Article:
Download chart for 9-max

​For ease of use, we have used several colors in the table. You can print it out (download the chart BSS 9 мах in good quality + colored version) and use it as a crib note.

Download chart for 6 мах

​Red-colored cells mean strong hands. They are worth playing in case you are the first to enter the game or if your opponent entered with a limp. If the player in front of you entered the game with a raise, you should make a re-raise with these hands about 3,5 times higher than his bet. If there was a raise after you, then you should be raising three times higher or shove all-in.

Yellow-colored cells (only for BB) mean the hands that are good for a steal from players with 50 BB stacks and above. You should play them in the big blind if the raise was no bigger than 4 BB from CO, BU, or SB. If there was a raise from MP2, MP3, or more than one opponent, then you'd better fold the cards.

Blue colored cells mean the middle-strength hands. You should play them if nobody enters the game before you, or there was an entrance into the game with a limp. If there was a raise before or after your action, you'd better fold the cards. The exception will be only in the big blind.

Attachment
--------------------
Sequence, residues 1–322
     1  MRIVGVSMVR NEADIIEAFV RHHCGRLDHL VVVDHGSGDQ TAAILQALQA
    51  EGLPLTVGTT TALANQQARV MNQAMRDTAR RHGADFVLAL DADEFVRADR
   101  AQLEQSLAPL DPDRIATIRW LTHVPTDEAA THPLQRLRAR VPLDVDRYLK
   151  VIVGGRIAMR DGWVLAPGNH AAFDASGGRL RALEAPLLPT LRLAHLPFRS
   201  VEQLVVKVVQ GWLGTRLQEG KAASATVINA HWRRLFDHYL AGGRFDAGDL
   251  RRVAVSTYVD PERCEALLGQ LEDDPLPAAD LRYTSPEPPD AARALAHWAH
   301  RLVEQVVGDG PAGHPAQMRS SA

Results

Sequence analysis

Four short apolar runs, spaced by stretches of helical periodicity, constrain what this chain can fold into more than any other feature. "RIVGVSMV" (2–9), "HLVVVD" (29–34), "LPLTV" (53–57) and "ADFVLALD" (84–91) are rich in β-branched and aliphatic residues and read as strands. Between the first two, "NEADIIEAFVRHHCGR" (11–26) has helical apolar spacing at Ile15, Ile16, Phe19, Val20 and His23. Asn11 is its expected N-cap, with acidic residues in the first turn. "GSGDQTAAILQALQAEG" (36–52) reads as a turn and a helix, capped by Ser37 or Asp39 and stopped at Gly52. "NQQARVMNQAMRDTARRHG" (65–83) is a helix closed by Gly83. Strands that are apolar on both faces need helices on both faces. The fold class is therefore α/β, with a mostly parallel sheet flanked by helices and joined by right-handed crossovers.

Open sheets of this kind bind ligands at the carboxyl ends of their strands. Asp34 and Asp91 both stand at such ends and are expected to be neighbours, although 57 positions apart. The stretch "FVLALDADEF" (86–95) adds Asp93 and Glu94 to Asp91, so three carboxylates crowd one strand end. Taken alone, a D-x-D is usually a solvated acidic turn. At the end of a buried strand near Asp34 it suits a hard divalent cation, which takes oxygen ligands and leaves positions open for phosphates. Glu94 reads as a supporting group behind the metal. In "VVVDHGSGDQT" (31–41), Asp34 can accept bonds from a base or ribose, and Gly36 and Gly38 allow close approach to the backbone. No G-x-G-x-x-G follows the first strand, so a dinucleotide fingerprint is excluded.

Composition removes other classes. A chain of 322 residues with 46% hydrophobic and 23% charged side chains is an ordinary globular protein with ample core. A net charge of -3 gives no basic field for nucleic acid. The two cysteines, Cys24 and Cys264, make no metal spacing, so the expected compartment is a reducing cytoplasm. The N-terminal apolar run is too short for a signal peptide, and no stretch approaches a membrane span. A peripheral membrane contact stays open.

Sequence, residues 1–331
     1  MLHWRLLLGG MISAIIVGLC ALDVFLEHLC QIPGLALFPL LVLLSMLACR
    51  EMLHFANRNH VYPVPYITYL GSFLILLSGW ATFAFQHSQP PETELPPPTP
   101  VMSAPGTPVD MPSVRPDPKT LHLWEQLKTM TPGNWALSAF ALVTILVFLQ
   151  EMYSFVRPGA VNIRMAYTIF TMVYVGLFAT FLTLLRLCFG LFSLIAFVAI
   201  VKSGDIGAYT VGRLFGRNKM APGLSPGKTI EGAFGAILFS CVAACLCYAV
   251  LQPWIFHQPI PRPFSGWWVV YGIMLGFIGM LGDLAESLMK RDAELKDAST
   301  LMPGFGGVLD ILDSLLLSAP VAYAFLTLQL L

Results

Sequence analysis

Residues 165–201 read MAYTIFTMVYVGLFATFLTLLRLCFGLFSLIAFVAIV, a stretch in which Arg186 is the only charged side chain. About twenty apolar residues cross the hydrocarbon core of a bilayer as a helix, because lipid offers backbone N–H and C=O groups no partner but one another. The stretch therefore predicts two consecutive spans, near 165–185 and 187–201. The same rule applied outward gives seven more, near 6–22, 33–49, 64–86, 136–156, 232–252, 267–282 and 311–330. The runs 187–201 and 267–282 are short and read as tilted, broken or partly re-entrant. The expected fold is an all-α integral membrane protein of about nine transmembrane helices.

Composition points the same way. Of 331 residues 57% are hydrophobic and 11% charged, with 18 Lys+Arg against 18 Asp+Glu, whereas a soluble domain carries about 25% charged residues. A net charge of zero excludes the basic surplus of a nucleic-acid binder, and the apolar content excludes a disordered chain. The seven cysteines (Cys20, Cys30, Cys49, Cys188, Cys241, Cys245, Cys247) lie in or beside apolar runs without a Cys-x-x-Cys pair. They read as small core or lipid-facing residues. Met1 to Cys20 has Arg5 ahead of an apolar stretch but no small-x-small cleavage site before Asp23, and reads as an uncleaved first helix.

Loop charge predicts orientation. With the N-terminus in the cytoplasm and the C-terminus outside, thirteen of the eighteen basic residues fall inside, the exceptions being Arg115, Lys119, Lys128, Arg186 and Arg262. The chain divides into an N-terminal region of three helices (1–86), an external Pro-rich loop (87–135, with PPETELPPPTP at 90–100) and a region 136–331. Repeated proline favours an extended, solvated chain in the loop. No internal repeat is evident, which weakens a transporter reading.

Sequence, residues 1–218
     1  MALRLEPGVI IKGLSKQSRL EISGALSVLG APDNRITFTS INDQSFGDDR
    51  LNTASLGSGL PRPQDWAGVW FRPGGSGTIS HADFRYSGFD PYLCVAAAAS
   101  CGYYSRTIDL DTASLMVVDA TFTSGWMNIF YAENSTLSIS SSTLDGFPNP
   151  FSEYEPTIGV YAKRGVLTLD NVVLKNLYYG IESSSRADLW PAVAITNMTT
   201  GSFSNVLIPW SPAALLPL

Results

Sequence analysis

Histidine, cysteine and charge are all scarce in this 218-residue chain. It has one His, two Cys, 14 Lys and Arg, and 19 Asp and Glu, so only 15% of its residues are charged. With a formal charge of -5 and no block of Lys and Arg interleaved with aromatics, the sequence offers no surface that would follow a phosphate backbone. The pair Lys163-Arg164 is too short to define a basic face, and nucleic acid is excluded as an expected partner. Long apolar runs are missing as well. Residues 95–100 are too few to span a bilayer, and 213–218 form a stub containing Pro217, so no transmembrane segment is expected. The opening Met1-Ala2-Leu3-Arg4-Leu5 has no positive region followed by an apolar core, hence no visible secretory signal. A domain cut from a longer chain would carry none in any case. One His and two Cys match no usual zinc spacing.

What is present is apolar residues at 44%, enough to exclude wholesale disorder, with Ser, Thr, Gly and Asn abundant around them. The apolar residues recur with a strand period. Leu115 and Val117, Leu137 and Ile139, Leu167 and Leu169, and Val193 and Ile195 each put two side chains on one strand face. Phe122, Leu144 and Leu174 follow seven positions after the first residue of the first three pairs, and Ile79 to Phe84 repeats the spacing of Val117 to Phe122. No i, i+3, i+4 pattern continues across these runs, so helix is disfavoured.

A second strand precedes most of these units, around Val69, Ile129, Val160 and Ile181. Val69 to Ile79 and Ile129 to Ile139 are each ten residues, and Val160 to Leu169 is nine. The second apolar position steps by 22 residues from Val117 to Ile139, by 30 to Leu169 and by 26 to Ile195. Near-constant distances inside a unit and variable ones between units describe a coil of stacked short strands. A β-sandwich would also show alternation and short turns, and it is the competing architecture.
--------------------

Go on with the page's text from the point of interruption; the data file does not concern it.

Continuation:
Green colored cells mean weak hands. With their help, you could steal the blinds and you should play them only in case if nobody enters the game before you.

High stakes and low stakes games are different in many ways, but the charts are defined by means of hands’ range and more dependent on your selected strategy. That’s why they are not divided into micro-limit charts or charts for high stakes players.

The blinds grow in the tournaments over time and the ratios of players’ stack to blinds are steadily declined. Furthermore, the play is carried out for pushing opponents out of it, that’s why you need to apply different tactics in early, middle and late tournament stages and therefore use different charts of starting hands.

Chart for MTT 9-max

Download chart for MTT 9-max

More simplified chart for MTT at an early stage:

MTT-chart for the middle stage of the tournament:

Download MTT-chart for middle stage of the tournament

At a late stage of the tournament (final table) a stack size plays a much more significant role than pocket cards. You'd better avoid the play with large stack opponents if you are not confident in the strength of your hand. You should choose the chart in the late MTT stage according to the number of chips.

The above-mentioned charts may be suitable both for expensive tournaments and freerolls. In any case, they can only be used as a guide in situations where it is difficult to adjust to a specific opponent. In real life, it is difficult to play exclusively based on the cards in multi-table tournaments.